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Signage for Kay Jewelers, a subsidiary of Signet Jewelers Ltd., is displayed on the exterior of a store in New York.
Signet Jewelers shares tanked more than 21 percent Thursday morning after the diamond retailer slashed its profit outlook and said holiday sales came up short of expectations. The company also hinted it could be closing more stores in the future.
The parent company of jewelry brands including Kay, Zales and Jared said sales at stores open for at least 12 months were down 1.3 percent for the nine weeks ended Jan. 5. Signet said it saw “reduced traffic during key December gifting weeks.”
The news follows a slew of disappointing holiday sales reports this year, including those from Victoria’s Secret parent company L Brands, Macy’s and Nordstrom. Some analysts are already predicting 2019 will be much harder for the retail industry to weather, if companies haven’t been able to perform when the consumer is strong.
“A clearly promotional category heading into holiday – led by department stores that are pushing more aggressively into the category – proved to be too much for Signet to overcome, requiring more intense promotional activity than planned to catch up through December,” Evercore ISI analyst Omar Saad said in a note to clients.
Building on its dismal results, Signet has cut its profit and sales outlooks for the fourth quarter and fiscal 2019.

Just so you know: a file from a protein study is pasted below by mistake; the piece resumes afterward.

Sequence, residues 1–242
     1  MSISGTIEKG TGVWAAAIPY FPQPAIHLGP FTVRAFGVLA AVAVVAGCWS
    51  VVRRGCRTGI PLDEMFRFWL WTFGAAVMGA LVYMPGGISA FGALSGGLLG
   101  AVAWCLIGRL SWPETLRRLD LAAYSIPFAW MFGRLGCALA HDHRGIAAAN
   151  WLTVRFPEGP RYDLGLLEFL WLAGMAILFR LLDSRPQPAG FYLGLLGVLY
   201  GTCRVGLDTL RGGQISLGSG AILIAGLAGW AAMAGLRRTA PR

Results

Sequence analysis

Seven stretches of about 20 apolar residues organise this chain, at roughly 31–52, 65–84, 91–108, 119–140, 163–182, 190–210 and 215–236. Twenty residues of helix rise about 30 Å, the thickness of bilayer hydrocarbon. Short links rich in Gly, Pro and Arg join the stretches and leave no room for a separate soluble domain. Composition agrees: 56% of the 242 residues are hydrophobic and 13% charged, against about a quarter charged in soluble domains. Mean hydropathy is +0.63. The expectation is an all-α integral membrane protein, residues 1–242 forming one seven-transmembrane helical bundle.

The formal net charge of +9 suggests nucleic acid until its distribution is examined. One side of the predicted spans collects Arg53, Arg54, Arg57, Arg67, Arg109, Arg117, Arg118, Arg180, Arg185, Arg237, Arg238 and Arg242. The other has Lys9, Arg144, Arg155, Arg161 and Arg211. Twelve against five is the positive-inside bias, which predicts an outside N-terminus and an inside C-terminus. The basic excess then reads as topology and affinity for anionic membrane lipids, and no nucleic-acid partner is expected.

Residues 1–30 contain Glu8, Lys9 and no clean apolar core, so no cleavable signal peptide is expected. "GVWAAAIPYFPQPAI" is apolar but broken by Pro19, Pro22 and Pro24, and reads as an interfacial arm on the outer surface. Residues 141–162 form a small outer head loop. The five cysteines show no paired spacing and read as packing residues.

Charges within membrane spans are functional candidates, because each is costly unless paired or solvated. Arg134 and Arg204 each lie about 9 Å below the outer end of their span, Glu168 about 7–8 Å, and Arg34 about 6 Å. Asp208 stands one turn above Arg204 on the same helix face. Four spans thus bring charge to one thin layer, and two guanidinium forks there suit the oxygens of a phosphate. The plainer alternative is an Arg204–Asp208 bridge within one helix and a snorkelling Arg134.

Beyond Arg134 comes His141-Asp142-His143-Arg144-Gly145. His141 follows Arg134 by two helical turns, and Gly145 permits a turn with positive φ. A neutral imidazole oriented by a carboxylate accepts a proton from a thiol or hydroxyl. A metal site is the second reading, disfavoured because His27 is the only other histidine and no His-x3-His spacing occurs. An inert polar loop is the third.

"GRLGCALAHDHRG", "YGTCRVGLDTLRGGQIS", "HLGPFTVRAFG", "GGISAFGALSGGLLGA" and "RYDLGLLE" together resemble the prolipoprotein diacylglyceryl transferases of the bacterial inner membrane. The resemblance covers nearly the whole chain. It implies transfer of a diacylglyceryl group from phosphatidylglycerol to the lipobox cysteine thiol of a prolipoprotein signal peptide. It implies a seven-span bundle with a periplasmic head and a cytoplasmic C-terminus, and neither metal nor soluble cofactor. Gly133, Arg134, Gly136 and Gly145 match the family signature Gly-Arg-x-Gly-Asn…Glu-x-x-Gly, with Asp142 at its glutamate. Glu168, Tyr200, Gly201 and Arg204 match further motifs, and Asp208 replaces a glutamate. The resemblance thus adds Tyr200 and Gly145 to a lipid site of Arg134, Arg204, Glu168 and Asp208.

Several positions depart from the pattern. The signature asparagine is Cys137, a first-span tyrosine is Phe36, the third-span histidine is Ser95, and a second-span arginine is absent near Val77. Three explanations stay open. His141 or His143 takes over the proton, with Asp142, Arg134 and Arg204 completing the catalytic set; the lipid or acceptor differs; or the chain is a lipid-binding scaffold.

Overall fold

For the period ended Feb. 2, Signet now expects same-store sales to be down between 1.6 percent and 2.5 percent, compared with a prior range of down 1.5 percent to up 1 percent. It says adjusted earnings per share should be between $3.77 and $3.92, compared with a prior range of $4.35 to $4.59. Analysts had been calling for adjusted earnings of $4.43 a share, according to a poll by Refinitiv.
For fiscal 2019, it says same-store sales will now be roughly flat, compared with a prior range of flat to up 1 percent. It says adjusted earnings per share should be between $3.53 to $3.69, compared with a prior range of between $4.15 to $4.40. Total sales should be $6.26 billion, Signet said, down from previous expectations for $6.31 billion.
“We will move decisively to improve profitability through aggressively optimizing our cost structure and continuing to right-size our store base, as well as more effectively managing our inventory,” CEO Virginia Drosos said in prepared remarks.
Signet will share more details about its fourth-quarter performance when it reports earnings on March 14.